Say Hello to English is on view at the Tyburn Gallery, London until May 6, 2017.
March 26, 2017
On March 3, 2017, Turner Prize-winning photographer (and since 2013, Royal Academician) Wolfgang Tillmans live-premiered his sound, light and musical composition, “Fragile: Wolfgang Tillmans, Tim Knapp, and Jay Pluck,” in the South Tank gallery at London’s Tate Modern. Though this performance was billed online by the Tate as an “open-form music installation” that is “part rehearsal, part performance,” this reviewer experienced the event as more of a hybrid, twenty-first-century happening/sound installation composed of: light, sound, slide projection, video, spectator participation, spoken word, poetry, and original music –all of which were interlaced with political and social commentary relating to current global issues. “Fragile” —a reference to Tillmans’ alter ego— was as an immersive, full-body, and multi-sensory aesthetic and political experience that complemented, and extended, Tillmans’ parallel exhibition of photographs, video, musical, and other works, now also on view (until June 11, 2017) in the Boiler House at the Tate Modern.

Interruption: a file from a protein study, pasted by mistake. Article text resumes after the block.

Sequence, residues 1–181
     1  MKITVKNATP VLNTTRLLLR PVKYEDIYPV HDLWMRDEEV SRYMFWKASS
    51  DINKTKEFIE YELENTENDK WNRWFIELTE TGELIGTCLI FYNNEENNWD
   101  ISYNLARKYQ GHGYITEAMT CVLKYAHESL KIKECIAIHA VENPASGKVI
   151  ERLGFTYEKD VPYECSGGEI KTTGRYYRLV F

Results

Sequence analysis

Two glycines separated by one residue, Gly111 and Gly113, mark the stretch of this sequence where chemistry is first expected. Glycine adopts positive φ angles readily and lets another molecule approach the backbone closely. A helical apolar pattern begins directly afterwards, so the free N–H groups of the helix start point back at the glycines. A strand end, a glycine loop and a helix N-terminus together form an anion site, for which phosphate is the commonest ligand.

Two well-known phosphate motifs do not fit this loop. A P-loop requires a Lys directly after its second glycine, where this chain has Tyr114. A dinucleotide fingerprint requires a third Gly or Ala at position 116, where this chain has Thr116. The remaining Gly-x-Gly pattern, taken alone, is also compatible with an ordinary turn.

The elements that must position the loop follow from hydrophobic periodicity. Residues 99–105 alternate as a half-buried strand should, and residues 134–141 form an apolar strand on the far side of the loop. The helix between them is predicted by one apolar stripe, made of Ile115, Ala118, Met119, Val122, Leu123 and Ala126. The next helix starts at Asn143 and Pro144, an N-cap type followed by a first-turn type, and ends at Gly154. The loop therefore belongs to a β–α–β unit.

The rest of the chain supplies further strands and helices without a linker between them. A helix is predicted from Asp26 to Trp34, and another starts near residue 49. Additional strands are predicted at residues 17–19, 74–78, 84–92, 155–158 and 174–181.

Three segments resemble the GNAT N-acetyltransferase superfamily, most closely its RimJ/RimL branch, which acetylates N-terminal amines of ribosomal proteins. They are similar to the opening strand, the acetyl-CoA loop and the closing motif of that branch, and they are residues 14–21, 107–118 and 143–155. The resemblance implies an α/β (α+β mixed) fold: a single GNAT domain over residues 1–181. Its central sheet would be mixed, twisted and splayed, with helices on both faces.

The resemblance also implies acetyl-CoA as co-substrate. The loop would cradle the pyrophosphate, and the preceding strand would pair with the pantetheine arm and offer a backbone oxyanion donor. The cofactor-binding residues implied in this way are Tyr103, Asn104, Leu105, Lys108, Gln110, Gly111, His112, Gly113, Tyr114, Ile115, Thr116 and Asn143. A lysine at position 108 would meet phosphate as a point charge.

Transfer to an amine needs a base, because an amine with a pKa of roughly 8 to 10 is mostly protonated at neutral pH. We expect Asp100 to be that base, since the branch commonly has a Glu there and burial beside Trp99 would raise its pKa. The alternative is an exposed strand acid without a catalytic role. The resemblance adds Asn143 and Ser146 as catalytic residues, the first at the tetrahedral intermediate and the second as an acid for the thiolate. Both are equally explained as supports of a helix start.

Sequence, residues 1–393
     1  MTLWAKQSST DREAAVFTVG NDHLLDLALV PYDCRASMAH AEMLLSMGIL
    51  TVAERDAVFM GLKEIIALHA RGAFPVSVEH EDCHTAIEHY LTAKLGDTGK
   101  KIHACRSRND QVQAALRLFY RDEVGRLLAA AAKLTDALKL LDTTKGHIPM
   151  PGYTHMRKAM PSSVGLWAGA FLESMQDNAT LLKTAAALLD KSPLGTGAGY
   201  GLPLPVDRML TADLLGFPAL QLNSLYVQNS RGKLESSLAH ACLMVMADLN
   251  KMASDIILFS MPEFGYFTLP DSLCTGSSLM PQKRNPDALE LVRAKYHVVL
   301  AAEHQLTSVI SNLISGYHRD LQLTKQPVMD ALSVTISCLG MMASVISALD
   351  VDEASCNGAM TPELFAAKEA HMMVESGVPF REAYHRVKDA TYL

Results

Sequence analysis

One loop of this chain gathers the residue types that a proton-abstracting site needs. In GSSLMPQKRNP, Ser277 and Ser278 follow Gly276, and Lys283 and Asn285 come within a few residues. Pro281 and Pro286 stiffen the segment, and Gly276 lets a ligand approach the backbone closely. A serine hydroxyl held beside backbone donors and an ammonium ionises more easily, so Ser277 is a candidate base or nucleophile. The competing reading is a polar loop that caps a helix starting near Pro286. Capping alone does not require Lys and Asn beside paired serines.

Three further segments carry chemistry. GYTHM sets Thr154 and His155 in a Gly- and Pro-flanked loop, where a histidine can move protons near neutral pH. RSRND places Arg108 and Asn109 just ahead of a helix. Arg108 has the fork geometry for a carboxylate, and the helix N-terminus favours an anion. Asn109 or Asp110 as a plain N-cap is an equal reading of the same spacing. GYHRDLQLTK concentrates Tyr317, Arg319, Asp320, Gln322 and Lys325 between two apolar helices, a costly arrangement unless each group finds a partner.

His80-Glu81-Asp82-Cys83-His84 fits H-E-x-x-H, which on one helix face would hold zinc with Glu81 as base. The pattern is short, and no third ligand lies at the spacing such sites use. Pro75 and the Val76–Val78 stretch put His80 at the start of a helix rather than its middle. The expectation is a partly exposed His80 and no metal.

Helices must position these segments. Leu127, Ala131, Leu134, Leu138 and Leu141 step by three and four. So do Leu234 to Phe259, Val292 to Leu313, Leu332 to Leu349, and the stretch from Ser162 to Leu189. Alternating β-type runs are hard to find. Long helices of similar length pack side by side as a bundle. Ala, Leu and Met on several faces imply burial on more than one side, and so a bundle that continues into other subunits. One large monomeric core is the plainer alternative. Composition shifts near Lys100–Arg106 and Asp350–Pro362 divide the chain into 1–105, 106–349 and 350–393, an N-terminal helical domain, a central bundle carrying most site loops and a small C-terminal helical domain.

“Fragile” comprises a diverse variety of audio-visual media, including originally-composed, pre-recorded dance club music (perhaps a nod to the Berghain club in Berlin), audio field recordings (e.g., the voice of a Sainsbury’s self-checkout counter, and sounds of a Berlin subway train), a lightshow, dance videos, and photography projected onto the walls of the large, cylindrical space of the South Tank. Just prior to the artists’ appearance on stage, a rainbow-coloured light sculpture appeared in the near-dark space, the individual lights of which began to rotate and bathe the audience, and interior walls of the usually grey, concrete walls of the South Tank, in jewel-tones of light. The rainbow light sculpture seemed to symbolise both the identity of the artist, and that of the LGBTQ community, and Tillmans effectively used it to define the exhibition space as a queer, safe place for collective reflection, political consciousness-raising, and action.